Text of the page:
There are four hotels that have made it into every single Guide: Ballymaloe House in Midleton, Cork; Currarevagh House in Connemara, Galway; Lastingham Grange in York; and Rothay Manor in Ambleside, Cumbria. Why is that?
AR: They are still family-run and family-owned. We drop hotels when there’s a change of ownership, unless we know that the new ownership is going to be as good. And we drop hotels when standards have declined and readers start complaining.
CR: And if people stop reporting on them.
AR: We want to be confident that the new ownership is sustaining the standards, so we’ll drop it for a year, maybe, and then put it back in again. So there’s a big turnover each year. About 15% of the hotels in the Guide are dropped each year.
CR: Ballymaloe is this wonderful hotel run by three generations of the same family. It’s just very comfortable.
AR: It has the sort of eccentricity I like. We stayed there once and the whole weekend, there was a local artist doing a mural on the wall of one of the narrow corridors, so you couldn’t get past him. It was an uncommercial activity, but somehow it summed up the spirit of this particular hotel. And there was wonderful food on top of everything else. And Lastingham Grange has been run by Bertie Woods’ family for forever and a day.
CR: Rothay Manor did have a change of ownership last year but we thought it was good enough to carry on [in the Guide] because we stayed under the new owners. Are there any new hotels exciting you?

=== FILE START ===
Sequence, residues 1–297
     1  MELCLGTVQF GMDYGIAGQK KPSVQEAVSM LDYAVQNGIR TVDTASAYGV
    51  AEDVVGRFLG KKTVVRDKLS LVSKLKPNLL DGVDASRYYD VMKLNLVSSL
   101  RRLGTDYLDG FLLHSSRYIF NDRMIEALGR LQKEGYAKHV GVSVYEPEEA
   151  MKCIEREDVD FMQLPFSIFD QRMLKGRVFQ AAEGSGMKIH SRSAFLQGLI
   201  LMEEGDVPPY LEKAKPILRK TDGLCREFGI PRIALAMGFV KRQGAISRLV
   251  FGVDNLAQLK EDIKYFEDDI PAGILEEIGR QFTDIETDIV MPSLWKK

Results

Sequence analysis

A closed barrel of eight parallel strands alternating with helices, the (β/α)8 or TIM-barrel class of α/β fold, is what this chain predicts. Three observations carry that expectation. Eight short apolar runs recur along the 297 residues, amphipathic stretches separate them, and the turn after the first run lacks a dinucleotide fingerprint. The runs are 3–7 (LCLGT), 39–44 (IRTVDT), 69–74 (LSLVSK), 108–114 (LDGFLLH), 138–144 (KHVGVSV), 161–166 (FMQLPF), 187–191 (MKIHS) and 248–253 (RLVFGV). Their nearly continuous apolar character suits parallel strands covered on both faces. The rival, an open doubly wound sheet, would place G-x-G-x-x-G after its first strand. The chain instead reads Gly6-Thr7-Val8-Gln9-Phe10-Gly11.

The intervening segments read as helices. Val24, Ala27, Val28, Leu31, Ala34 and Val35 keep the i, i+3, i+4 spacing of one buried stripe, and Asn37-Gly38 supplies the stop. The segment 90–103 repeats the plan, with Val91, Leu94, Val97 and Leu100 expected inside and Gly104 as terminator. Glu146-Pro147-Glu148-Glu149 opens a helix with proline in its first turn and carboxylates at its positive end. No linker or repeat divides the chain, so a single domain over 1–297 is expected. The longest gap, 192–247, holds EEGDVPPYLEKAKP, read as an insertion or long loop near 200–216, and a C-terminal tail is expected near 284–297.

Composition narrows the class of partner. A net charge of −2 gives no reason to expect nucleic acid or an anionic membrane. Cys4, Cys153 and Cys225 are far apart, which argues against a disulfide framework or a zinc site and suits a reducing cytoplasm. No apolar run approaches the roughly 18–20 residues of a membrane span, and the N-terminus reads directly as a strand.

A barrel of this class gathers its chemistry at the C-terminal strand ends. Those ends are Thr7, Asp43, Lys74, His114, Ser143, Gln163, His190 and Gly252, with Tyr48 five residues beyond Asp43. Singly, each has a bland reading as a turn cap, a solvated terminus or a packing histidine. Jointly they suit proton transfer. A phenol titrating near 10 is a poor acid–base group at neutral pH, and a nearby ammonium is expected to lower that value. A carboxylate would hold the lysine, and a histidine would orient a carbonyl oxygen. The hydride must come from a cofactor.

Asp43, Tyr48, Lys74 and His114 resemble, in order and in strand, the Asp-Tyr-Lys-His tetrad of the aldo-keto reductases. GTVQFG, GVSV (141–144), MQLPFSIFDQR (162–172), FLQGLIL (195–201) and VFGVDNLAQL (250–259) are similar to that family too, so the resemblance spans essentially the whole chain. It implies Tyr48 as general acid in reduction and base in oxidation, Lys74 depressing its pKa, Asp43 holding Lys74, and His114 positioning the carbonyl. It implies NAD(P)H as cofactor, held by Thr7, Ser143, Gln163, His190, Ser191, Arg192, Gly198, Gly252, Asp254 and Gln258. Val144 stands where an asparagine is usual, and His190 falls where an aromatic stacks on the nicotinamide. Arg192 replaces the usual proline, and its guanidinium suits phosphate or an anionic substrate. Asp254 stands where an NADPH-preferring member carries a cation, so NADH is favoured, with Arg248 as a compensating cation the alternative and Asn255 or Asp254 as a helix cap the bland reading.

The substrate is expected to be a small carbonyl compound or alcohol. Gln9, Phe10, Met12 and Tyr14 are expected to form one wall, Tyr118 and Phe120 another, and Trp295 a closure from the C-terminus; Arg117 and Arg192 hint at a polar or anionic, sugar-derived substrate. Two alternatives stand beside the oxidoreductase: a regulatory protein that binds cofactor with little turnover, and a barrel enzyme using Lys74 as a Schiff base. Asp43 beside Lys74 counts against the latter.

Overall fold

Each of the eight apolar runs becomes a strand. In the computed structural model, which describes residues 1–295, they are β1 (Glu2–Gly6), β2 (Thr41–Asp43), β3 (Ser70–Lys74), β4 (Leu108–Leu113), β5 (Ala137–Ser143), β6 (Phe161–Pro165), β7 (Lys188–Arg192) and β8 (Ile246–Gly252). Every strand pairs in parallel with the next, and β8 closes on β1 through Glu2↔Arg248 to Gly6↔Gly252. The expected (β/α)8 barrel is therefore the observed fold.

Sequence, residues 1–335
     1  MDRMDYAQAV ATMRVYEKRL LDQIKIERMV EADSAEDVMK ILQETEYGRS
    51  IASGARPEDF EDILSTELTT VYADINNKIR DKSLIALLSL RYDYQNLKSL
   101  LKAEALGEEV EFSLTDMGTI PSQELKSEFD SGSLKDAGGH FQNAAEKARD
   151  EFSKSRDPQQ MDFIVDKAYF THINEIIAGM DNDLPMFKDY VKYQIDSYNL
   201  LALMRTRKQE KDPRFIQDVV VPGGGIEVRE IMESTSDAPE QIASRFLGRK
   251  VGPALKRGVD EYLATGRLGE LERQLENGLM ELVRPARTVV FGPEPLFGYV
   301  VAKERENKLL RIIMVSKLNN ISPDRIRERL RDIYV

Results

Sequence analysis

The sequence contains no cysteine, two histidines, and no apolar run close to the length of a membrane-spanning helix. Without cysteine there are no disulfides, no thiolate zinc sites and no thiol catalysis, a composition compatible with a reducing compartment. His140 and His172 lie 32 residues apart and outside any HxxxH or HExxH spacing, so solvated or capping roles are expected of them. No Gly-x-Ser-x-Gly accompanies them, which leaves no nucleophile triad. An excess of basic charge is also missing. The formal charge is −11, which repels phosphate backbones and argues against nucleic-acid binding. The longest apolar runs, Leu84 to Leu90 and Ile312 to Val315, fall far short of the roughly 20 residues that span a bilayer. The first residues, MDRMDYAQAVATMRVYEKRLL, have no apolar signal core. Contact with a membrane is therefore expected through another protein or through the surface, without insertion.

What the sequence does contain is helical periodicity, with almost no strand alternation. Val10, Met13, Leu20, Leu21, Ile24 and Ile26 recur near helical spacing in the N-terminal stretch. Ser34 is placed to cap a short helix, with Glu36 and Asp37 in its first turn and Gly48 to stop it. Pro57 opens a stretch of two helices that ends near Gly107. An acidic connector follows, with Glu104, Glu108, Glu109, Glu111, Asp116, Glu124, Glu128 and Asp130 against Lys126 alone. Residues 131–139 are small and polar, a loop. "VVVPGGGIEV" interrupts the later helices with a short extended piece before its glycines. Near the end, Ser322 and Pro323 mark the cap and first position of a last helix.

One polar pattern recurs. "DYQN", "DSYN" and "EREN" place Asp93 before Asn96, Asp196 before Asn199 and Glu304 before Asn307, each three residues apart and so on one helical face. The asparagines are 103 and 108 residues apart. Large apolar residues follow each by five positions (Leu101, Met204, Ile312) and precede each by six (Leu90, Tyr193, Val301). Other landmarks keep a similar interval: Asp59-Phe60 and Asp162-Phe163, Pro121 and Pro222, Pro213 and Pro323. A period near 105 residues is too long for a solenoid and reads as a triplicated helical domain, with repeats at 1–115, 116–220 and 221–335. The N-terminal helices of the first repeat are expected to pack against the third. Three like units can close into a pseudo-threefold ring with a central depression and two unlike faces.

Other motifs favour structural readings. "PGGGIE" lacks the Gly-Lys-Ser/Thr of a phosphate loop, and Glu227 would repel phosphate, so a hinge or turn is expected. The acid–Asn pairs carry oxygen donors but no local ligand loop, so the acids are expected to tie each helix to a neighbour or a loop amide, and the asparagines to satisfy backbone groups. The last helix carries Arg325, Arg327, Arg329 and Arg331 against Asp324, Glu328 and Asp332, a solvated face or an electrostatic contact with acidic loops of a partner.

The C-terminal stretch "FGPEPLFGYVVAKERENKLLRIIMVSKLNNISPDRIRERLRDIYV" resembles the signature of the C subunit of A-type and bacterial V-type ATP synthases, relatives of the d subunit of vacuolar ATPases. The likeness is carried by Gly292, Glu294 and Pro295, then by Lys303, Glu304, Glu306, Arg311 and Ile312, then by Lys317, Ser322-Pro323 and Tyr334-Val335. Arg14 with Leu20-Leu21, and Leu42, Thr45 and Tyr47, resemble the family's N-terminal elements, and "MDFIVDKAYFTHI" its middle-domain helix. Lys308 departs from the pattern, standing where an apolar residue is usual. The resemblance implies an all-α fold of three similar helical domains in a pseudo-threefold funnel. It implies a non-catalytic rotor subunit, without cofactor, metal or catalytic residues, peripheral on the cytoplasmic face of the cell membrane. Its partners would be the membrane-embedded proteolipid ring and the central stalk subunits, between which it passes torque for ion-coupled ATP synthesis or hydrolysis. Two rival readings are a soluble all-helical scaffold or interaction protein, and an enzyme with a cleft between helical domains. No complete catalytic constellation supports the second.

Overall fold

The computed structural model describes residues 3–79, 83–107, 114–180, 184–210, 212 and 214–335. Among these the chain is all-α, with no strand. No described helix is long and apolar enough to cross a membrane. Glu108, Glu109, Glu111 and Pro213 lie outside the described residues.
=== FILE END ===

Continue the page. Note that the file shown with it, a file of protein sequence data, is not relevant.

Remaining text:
AR: The Mash Inn in Radnage, Buckinghamshire – a restaurant with rooms.
What do you think will be the future of the hotel industry in the next 40 years?
AR: There’s always going to be a place for these small, individual, family-run hotels. I think the hospitality industry, in general, is a great trade to be in, and it is a really meritocratic trade. You can begin as a kitchen porter and work your way through and end up running the place. The business will continue to be transformed by the internet – we’re really at quite an early stage – but there’s always going to be room for niche, individual players. Hotels are such small, personal businesses. There’s no Amazon that can come and knock them out; they’re always going to be there. And provided the small hotel exists, we’ll be there to promote it.
The Good Hotel Guide is co-owned by Adam and Caroline Raphael, and edited by Adam and M Astella Saw. Adam is a former BBC Newsnight presenter, executive editor of The Observer and home affairs editor of The Economist. Caroline is a former BBC researcher and production assistant. She started working for the Guide as a sub-editor and writer in 1978 and became editor-in-chief when she and Adam bought it from the founder, Hilary Rubinstein, in 1998. Saw is a freelance lifestyle journalist living in Paris.